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J Immunother. 2004 May-Jun;27(3):191-200.

Human dendritic cell maturation by adenovirus transduction enhances tumor antigen-specific T-cell responses.

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Division of Surgical Oncology, UCLA Medical Center, University of California Los Angeles, USA.


Dendritic cells (DCs) have been shown to require a degree of maturation to stimulate antigen-specific, type 1 cytotoxic T lymphocytes in numerous murine models. Limited data in humans suggest that immature DCs (DC) can induce tolerance, yet a variety of nonmatured DC used clinically have induced antigen-specific type 1 T cells in vivo to various tumor-associated antigens. Use of adenovirus to engineer DCs is an efficient method for delivery of entire genes to DC, but the data on the biologic effects of viral transduction are contradictory. The authors demonstrate that DCs transduced with adenovirus (AdV) clearly become more mature by the phenotypic criterion of upregulation of CD83 and downregulation of CD14. Transduced DCs also decrease production of IL-10, and a subset of transduced DCs produce increased levels of IL-12 p70. This level of maturation is superior to that achieved by treatment of these cells with tumor necrosis factor-alpha or interferon-alpha but less pronounced than with CD40L trimer or CD40L + interferon-gamma. Maturation by AdV transduction alone leads to efficient stimulation of antigen-specific T cells from both healthy donors and patients with advanced cancer using two defined human tumor-associated antigens, MART-1 and AFP. Given the pivotal role of DCs in immune activation, it is important to understand the direct biologic effects of AdV on DCs, as well as the impact these biologic changes have on the stimulation of antigen-specific T cells. This study has important implications for the design of DC-based clinical trials.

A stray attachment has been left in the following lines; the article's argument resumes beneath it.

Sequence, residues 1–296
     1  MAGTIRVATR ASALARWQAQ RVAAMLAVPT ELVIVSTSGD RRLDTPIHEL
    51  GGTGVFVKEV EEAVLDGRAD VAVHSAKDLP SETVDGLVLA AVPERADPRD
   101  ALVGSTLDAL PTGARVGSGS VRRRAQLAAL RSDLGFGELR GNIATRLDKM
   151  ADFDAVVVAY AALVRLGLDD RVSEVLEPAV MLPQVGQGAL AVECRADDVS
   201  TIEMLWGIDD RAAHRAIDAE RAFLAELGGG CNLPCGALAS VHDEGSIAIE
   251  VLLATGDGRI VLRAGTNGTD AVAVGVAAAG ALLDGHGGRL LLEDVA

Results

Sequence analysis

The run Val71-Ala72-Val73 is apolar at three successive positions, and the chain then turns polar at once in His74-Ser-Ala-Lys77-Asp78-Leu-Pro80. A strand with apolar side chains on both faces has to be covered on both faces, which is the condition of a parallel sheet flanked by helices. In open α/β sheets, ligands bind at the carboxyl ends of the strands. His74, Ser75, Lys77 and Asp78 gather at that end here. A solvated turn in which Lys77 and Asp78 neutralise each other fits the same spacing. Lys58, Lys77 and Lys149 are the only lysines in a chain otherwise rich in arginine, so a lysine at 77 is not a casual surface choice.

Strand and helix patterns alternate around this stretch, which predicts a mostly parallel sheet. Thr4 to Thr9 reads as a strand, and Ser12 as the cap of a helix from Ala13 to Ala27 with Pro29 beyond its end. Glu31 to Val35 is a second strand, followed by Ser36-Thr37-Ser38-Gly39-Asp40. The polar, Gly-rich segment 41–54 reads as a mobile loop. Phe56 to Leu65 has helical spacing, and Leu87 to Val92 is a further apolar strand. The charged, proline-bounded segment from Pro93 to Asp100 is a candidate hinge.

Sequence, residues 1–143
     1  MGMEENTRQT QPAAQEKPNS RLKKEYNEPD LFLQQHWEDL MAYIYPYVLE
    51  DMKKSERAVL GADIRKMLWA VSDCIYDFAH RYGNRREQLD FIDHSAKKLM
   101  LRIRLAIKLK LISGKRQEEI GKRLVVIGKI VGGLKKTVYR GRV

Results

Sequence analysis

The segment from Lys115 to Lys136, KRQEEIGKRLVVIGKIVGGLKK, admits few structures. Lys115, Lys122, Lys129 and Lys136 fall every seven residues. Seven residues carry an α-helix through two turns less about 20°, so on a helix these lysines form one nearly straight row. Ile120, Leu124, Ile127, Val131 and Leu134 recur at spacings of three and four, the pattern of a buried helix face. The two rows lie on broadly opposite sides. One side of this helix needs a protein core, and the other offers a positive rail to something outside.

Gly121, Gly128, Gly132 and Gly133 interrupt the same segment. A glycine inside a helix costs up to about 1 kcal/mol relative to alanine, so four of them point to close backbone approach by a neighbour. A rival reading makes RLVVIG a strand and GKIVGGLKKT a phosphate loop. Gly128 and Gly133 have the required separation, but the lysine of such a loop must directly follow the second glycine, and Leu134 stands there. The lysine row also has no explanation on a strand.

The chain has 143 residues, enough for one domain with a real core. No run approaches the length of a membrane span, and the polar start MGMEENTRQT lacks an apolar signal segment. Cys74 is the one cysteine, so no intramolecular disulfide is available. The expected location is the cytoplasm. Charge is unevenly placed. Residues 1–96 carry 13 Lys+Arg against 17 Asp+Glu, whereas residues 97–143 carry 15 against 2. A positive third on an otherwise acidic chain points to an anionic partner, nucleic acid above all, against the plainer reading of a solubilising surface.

[Indexed for MEDLINE]

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